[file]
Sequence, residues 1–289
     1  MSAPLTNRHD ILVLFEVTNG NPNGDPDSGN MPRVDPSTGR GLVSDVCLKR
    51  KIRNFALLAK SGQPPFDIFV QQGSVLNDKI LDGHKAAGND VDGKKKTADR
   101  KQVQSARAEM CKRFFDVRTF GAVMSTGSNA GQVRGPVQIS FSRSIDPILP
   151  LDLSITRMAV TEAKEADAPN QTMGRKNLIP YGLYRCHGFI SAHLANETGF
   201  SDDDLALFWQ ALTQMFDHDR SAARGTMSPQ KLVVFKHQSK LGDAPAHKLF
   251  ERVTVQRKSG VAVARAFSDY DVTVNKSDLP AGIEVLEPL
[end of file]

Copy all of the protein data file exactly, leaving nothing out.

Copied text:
Sequence, residues 1–289
     1  MSAPLTNRHD ILVLFEVTNG NPNGDPDSGN MPRVDPSTGR GLVSDVCLKR
    51  KIRNFALLAK SGQPPFDIFV QQGSVLNDKI LDGHKAAGND VDGKKKTADR
   101  KQVQSARAEM CKRFFDVRTF GAVMSTGSNA GQVRGPVQIS FSRSIDPILP
   151  LDLSITRMAV TEAKEADAPN QTMGRKNLIP YGLYRCHGFI SAHLANETGF
   201  SDDDLALFWQ ALTQMFDHDR SAARGTMSPQ KLVVFKHQSK LGDAPAHKLF
   251  ERVTVQRKSG VAVARAFSDY DVTVNKSDLP AGIEVLEPL